In the 1500s people had a supernatural, religious view of the world governed by the battle between God and the Devil. Both of them intervened in the ways of the world, and people thought they could influence them through their own deeds. Even though God, according to the theologians of the Reformation, was above human action, the Protestant world was – and still is – full of deeds with significance for the individual and society.
After the Reformation people still believed that God could punish sinful behaviour with wars, crop failures or disease. But he could also reward them with peace, a good harvest or by healing the sick. Many people therefore tried to live a good Christian life, praying to God and performing rituals to appease him. Protestant good deeds, also called ‘the fruits of faith’, included giving alms to the poor or taking care of family and neighbours.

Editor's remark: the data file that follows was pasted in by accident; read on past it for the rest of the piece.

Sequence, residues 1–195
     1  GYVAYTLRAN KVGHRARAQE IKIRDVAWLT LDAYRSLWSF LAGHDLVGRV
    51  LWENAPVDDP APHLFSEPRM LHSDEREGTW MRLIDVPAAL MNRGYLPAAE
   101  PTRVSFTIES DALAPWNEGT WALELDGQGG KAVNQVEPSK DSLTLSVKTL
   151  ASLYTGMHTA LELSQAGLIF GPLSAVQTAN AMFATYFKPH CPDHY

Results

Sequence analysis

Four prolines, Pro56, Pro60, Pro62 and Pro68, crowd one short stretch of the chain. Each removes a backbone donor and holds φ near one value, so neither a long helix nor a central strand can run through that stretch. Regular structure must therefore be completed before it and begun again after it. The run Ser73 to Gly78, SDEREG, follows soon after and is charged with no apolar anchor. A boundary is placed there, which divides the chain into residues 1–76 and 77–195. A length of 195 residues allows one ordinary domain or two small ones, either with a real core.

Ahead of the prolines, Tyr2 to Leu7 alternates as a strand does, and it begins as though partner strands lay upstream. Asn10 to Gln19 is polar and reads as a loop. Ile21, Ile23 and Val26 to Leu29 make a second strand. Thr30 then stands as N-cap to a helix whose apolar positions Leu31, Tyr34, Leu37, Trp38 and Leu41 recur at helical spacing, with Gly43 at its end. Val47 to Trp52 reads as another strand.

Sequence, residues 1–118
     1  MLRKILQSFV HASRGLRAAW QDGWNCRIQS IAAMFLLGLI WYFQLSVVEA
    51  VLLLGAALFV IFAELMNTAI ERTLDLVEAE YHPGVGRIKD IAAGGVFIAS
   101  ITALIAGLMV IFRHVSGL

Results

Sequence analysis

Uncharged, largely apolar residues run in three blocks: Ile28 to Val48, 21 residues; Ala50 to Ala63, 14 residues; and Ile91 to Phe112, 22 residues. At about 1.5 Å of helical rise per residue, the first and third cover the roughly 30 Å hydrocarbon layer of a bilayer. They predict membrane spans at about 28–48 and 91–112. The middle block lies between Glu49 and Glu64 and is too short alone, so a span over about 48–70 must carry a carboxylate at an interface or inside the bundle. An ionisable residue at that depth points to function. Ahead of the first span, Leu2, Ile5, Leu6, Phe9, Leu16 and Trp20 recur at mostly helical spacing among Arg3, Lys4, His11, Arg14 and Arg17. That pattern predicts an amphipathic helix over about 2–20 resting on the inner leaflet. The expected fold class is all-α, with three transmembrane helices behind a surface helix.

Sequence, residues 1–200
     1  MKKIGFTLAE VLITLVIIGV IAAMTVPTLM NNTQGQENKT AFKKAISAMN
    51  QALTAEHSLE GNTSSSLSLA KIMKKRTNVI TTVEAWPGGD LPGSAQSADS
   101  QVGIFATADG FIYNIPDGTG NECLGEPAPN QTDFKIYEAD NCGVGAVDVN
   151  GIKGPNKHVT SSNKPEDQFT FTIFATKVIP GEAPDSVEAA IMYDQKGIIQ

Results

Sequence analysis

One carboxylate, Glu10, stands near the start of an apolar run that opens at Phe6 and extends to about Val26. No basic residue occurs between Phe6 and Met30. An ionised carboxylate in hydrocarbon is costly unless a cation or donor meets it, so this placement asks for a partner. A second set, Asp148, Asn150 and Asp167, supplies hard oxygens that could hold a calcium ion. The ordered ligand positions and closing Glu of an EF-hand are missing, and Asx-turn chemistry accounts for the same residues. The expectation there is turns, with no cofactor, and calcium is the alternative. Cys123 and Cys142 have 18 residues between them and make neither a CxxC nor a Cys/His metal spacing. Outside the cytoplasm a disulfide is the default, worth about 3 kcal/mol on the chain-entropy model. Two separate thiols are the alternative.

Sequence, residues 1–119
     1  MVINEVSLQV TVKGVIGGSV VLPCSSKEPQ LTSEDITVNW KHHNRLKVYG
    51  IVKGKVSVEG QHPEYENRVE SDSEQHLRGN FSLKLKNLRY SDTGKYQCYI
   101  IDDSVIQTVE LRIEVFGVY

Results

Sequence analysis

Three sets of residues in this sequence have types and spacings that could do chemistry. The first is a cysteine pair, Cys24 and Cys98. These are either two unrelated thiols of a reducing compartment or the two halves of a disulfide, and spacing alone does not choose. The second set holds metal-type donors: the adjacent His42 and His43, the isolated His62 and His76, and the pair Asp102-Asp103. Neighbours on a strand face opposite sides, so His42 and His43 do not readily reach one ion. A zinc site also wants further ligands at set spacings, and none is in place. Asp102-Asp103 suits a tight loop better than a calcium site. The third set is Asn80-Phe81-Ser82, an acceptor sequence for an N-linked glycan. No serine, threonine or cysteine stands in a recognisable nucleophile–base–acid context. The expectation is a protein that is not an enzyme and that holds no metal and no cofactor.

The Devil was seen as evil and as active as God. This meant people had to be constantly vigilant of the temptations of the Devil and his demands for allegiance and help. People feared that weakness could lead to severe punishments in this life and the next.